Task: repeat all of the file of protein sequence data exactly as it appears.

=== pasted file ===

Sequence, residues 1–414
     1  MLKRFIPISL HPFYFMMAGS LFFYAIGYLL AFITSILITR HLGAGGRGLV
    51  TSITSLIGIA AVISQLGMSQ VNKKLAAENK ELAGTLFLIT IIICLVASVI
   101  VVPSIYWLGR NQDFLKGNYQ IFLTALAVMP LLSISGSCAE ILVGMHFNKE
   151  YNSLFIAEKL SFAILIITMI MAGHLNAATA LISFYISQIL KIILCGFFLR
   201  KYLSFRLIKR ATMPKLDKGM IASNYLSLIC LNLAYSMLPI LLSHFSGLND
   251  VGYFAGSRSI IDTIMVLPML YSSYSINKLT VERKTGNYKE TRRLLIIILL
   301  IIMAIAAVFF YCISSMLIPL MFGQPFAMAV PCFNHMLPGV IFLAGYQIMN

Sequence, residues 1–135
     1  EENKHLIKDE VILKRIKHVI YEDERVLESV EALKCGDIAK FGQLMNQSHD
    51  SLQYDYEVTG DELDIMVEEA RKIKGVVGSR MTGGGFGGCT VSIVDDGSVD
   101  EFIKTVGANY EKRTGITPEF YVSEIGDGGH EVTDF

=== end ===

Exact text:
Sequence, residues 1–414
     1  MLKRFIPISL HPFYFMMAGS LFFYAIGYLL AFITSILITR HLGAGGRGLV
    51  TSITSLIGIA AVISQLGMSQ VNKKLAAENK ELAGTLFLIT IIICLVASVI
   101  VVPSIYWLGR NQDFLKGNYQ IFLTALAVMP LLSISGSCAE ILVGMHFNKE
   151  YNSLFIAEKL SFAILIITMI MAGHLNAATA LISFYISQIL KIILCGFFLR
   201  KYLSFRLIKR ATMPKLDKGM IASNYLSLIC LNLAYSMLPI LLSHFSGLND
   251  VGYFAGSRSI IDTIMVLPML YSSYSINKLT VERKTGNYKE TRRLLIIILL
   301  IIMAIAAVFF YCISSMLIPL MFGQPFAMAV PCFNHMLPGV IFLAGYQIMN

Sequence, residues 1–135
     1  EENKHLIKDE VILKRIKHVI YEDERVLESV EALKCGDIAK FGQLMNQSHD
    51  SLQYDYEVTG DELDIMVEEA RKIKGVVGSR MTGGGFGGCT VSIVDDGSVD
   101  EFIKTVGANY EKRTGITPEF YVSEIGDGGH EVTDF